of removing hidden lines that doesn't
allow for intersecting polygons nor
polygons of very different area. It works by
+sorting all polygons by
distance to \myem{f} and then by "filling" the
polygons. This routine may be used to draw graphs
of 3D surfaces.
\begin{enumerate}
\item \myem{boolean} If \myem{true} polygons are
sorted relatively to
nearest vertex and, if \myem{false}, relatively to their
mass center. Choose \myem{false} for surface
plots.
\item \myem{boolean} If \myem{false} then the
polygons are painted with their \myem{FC} colour
modified by \myem{LightSource}. If \myem{true}
then the next two arguments are used and the
polygons are darkened proportionaly to their
distance from \myem{f}.
\item \myem{colour} Colour of faces.
\item \myem{colour} Colour of the edges.
\end{enumerate}
\item global {\bfseries getready()} When you don't want to
edit the source of the \MP\ program, to resort the
objects so they'll be drawn correctly, use this macro
and the next.
\begin{enumerate}
\item \myem{string} Command line that would draw
some object.
For instance: ``\myem{draw rigorousfearpath(black,1);}''.
\item \myem{color} Reference position of that
object.
\end{enumerate}
\item draw {\bfseries doitnow} The reference positions
given as arguments of previous \myem{getready} calls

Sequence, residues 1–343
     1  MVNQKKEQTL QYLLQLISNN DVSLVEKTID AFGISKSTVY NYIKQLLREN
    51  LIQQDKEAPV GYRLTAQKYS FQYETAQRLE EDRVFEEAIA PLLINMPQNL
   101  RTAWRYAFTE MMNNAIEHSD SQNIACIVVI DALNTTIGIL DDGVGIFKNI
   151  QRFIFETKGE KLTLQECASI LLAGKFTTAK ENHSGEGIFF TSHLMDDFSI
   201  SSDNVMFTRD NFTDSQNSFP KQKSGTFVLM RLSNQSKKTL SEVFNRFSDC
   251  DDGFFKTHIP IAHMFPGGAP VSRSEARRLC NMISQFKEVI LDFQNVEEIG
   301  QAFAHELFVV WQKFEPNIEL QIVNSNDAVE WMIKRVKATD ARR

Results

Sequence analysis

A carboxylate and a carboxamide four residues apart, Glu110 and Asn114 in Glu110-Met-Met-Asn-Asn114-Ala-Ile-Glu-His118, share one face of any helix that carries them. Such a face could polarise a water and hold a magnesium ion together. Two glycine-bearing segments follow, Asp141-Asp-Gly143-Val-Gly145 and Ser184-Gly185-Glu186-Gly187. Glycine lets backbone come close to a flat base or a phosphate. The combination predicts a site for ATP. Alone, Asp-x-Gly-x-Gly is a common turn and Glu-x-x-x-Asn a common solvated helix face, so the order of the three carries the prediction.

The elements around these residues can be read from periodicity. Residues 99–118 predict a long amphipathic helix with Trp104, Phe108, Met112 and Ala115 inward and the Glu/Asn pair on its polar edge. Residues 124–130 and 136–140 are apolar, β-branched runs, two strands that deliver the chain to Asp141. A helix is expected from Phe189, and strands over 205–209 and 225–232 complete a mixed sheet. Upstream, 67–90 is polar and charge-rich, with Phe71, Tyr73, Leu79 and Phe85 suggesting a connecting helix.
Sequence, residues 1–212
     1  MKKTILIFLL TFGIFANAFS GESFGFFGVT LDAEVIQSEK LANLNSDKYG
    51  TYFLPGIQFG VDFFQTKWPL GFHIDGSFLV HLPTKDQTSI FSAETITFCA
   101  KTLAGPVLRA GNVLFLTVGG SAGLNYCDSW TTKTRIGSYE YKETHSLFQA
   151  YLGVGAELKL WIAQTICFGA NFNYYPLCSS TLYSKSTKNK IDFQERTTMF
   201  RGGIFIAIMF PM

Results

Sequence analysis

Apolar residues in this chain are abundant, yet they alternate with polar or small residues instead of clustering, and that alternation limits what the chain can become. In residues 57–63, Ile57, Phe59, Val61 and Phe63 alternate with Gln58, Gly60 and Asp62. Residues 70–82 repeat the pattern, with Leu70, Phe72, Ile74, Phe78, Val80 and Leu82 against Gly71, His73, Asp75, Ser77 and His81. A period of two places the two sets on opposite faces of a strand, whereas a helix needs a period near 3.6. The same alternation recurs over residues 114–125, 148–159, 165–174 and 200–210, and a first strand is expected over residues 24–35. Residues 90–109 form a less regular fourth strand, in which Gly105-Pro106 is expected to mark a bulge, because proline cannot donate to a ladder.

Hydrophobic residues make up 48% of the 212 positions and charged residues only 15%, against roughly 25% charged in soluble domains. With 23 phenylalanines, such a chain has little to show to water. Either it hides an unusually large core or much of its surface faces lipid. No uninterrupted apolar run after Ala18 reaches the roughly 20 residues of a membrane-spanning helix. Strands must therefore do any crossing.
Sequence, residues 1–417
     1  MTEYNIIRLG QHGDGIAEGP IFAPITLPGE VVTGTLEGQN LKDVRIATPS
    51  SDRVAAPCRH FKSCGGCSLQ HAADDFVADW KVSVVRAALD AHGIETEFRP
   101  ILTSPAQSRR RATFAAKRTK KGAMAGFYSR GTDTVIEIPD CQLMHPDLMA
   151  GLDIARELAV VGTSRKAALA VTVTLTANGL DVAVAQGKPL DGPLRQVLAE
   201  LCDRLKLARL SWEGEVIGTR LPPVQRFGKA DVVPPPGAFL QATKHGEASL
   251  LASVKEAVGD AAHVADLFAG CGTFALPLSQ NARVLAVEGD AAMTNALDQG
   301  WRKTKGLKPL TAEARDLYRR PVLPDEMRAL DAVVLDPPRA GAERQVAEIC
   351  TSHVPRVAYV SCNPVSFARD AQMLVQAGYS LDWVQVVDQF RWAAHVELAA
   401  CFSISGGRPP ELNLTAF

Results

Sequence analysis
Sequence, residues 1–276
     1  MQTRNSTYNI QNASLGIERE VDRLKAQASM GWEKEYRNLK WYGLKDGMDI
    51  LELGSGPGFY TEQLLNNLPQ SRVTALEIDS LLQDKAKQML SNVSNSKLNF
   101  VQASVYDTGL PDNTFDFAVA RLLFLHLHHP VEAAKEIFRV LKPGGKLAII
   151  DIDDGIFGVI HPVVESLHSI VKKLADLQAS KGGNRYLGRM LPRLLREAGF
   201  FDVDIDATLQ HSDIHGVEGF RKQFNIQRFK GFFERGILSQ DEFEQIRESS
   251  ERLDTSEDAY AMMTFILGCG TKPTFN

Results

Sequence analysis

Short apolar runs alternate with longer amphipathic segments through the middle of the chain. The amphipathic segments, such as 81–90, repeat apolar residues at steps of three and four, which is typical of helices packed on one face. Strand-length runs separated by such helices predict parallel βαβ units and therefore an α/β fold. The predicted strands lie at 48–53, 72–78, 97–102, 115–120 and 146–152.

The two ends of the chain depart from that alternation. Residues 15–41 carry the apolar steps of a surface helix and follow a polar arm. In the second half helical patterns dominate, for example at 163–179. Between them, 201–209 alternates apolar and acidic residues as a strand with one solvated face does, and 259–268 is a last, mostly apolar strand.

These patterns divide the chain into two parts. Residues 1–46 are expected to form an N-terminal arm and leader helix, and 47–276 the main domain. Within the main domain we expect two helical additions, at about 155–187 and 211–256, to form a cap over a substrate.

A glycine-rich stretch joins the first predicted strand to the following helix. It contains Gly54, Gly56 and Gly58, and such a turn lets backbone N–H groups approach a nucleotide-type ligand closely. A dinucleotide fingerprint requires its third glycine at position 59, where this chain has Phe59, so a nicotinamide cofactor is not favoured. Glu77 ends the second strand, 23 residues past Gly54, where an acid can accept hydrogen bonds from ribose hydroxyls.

are used to sort and draw the objects also given as
string arguments to previous \myem{getready}
calls. Remember to initialize \myem{Nobjects:=0;}
before a second figure.
\end{itemize}
\subsubsection{Nematics (Direction Fields)}
Nematics are the least ordered liquid crystals. Their
configurations can be described by direction fields
(vector fields without arrows). The two following routines
ease the task of representing their configurations.
\begin{itemize}
\item global {\bfseries generatedirline()} Defines a single
straight line segment in a given position and with a
given orientation.
\begin{enumerate}
\item \myem{numeric} Line index number.
\item \myem{numeric} Angle beetween the \myem{X}
axis and the projection of the line on the
\myem{XY} plane.
\item \myem{numeric} Angle beetween the line
and the \myem{XY} plane.
\item \myem{numeric} Line (arc)length.
\item \myem{color} Position of the line middle
point.
\end{enumerate}
\item draw {\bfseries director\_invisible()} This is a
direction field renderer that can sort direction
lines. This routine
draws straight lines of given "thickness" beetween the
first all the points
of all the \myem{L[]p[]} lines. It is supposed to
help you draw vector fields
without arrows but taking care of invisibility.
The lines may be
generated by \myem{generatedirline} or by other macros.
\begin{enumerate}
\item \myem{boolean} When there is no need to sort
lines you may use \myem{false} here.
\item \myem{numeric} "Thickness" of the
direction lines
\item \myem{boolean} Use \myem{true} for cyclic
"direction" lines.
\end{enumerate}
\end{itemize}
\frame{
\begin{figure}[bpt]
\begin{center}
\includegraphics[width=65mm]{twistflat.1}
\end{center}
\caption{Figure that uses \myem{director\_invisible}
and \myem{generatedirline}.}
\end{figure}
}
\subsubsection{Surface Plots}
\FP\ surface plots are geared towards unusual features like
equilateral triangular grid, hexagonal domain and merging
together functional and parametric surface descriptions.
\begin{itemize}
\item draw {\bfseries hexagonaltrimesh()} Plots a
functional surface on a triangular or hexagonal
domain. Uses the \myem{LightSource}.